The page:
Russia votes in parliamentary polls with Putin secure
Russians voted today in parliamentary polls, with parties loyal to President Vladimir Putin expected to maintain their dominance despite the longest economic crisis of his rule.
The nationwide election follows a tumultuous few years that have seen the country seize the Crimea peninsula from Ukraine, plunge into its worst standoff with the West since the Cold War and start a military operation in Syria.
But the Kremlin exerts near-total control and, after a campaign dubbed the most boring in recent memory, a trouble-free victory for ruling United Russia would help smooth the way for Putin to claim a fourth term as president in 2018.
“I knew who to vote for. Surely you must be aware,” Putin quipped to journalists after casting his vote in Moscow, Russian agencies reported.
Looming large is the spectre of mass protests over vote rigging that followed the last legislative polls five years ago and grew into the biggest challenge to Putin since he took charge in 2000.
This time round the authorities have made a show of cleaning up the vote by replacing the former scandal-tainted election chief and allowing more genuine opposition candidates to take part.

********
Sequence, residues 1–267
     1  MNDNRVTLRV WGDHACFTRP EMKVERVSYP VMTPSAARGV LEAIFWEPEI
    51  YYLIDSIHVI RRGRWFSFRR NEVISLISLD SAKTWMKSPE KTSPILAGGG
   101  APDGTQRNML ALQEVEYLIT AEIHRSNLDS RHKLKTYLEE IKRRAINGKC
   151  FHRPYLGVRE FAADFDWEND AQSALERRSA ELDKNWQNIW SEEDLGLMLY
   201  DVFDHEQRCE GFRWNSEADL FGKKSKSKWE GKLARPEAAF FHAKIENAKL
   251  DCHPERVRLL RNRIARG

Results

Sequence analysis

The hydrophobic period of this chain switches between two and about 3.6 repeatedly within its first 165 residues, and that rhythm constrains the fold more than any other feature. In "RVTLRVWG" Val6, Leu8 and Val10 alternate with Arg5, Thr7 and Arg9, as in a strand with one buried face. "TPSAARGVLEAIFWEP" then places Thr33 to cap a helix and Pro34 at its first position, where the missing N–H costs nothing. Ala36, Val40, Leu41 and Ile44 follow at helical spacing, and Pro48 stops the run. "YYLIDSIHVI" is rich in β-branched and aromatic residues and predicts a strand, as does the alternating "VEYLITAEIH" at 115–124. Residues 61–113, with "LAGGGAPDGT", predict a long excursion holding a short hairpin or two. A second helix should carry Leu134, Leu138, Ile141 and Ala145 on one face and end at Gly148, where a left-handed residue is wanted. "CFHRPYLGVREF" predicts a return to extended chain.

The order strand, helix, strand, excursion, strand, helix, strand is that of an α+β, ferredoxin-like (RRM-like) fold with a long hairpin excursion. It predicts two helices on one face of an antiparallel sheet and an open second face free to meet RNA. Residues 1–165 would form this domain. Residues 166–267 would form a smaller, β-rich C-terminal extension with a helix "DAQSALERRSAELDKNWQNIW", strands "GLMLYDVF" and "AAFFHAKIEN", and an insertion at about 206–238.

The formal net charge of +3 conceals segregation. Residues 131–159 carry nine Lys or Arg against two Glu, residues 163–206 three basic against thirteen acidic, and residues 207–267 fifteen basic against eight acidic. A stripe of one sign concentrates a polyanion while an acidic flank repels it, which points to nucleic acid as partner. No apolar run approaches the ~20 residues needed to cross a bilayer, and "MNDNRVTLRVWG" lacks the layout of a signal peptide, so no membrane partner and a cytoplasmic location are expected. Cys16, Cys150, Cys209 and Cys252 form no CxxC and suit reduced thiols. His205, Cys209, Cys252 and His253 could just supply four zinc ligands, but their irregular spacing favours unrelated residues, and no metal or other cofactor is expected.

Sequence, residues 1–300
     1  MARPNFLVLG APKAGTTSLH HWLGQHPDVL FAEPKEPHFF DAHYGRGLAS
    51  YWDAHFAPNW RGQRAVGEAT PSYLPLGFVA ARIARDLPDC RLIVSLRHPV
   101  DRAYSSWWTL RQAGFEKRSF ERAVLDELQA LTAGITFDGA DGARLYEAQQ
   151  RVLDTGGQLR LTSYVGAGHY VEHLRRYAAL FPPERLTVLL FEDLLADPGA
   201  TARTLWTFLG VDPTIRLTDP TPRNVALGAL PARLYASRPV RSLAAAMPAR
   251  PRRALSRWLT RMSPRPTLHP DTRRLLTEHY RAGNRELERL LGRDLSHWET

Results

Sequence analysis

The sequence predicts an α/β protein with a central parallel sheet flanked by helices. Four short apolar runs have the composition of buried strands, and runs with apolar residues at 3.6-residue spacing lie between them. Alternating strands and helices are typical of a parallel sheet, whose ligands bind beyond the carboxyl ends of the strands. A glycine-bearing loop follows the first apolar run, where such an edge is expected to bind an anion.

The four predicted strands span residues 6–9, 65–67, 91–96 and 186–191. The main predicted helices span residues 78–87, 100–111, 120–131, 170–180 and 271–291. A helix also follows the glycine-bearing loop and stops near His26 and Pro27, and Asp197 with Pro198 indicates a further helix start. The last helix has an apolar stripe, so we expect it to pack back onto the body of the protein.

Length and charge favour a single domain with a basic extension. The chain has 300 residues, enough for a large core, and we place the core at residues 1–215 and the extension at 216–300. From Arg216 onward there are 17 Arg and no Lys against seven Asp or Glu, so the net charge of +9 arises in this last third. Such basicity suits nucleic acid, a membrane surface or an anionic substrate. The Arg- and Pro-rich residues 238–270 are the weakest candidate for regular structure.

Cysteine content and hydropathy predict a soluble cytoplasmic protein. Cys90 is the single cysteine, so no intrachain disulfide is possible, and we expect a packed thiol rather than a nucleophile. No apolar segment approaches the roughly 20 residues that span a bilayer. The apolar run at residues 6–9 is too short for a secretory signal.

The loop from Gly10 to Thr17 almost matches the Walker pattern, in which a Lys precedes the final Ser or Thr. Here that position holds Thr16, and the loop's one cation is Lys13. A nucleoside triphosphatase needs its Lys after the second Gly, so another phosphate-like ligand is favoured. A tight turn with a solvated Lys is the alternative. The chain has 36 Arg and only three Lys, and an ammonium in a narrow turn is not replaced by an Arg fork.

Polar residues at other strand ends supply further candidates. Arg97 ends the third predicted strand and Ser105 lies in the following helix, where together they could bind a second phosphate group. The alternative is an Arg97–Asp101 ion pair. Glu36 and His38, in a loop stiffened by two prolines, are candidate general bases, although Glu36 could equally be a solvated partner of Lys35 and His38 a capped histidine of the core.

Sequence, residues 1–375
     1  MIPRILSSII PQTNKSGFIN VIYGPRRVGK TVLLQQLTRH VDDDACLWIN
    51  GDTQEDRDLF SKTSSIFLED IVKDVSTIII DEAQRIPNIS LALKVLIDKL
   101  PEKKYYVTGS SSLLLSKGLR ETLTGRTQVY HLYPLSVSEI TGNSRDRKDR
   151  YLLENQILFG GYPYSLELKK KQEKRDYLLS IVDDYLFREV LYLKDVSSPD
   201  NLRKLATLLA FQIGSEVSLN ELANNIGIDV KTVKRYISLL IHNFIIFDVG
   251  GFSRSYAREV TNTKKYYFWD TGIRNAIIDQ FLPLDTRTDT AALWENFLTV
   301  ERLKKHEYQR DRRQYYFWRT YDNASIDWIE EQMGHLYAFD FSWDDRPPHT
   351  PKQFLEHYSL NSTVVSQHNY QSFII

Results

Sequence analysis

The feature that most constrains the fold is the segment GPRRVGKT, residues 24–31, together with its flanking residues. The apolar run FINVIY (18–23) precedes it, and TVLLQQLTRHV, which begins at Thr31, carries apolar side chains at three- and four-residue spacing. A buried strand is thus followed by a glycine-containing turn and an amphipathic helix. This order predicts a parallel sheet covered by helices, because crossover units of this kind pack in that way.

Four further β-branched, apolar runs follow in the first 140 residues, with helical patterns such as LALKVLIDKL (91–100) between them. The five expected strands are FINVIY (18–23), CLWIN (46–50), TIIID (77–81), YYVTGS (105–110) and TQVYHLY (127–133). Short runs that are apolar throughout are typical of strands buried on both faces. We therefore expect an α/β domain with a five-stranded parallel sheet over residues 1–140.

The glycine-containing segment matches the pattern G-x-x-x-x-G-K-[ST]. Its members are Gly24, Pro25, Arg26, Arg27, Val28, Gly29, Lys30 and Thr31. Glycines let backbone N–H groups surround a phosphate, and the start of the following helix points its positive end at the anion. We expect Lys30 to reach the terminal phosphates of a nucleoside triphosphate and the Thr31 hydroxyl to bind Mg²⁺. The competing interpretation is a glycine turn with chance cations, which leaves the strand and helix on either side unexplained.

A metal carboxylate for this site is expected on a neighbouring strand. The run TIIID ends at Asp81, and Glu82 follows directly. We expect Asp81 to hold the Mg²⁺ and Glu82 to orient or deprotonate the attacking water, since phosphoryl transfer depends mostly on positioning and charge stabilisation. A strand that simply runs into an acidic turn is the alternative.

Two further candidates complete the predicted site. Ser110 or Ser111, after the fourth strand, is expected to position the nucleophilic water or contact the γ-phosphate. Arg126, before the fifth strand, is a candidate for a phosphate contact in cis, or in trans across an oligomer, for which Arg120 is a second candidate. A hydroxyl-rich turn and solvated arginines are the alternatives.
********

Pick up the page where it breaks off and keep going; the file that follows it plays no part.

But critics insist the Kremlin’s media dominance means the vote can never be fair and -- with the 450-member State Duma viewed as a rubber-stamp body that slavishly toes the Kremlin’s line apathy is widespread.
“The elections are absolutely predictable,” Dmitry Pribytkov, 47, told AFP after voting in the second city of Saint Petersburg. “But this is my country and I have to express my opinion.”
Officials said that by 1500 Moscow time the nationwide turnout stood at almost 33 per cent.
Despite the authorities pledging to crack down on vote-rigging, observers and opposition candidates from around the country posted claims of possible violations including “cruise-voting” where people are bussed to vote at multiple polling stations and ballot stuffing.
Electoral commission head Ella Pamfilova dismissed claims of widespread fraud but said authorities were probing allegations in the Siberian Altai region and threatened to annul the vote there.
According to the Centre for Macroeconomic Analysis and Short-Term Forecasting here, with only a slight rise in real wages, consumer spending is down as citizens avoid making major purchases.
The 2011 elections took place with oil at $100-plus a barrel, a growing economy, indexed pensions, and a balanced budget. In 2016, oil is ranging around $35 to $45, Western sanctions are in place against Russia, and the country is facing falling ruble, double-digit inflation, unpaid salaries, and sharp budget cuts.
Although the country is suffering its longest recession of Putin’s rule due to low oil prices and Western sanctions over Ukraine the Kremlin strongman boasts an approval rating of around 80 per cent.
While United Russia had slipped in the polls ahead of the vote it still looks set to scoop the largest chunk of the vote ahead of other parties like the Communist and ultra-nationalist Liberal Democratic Party.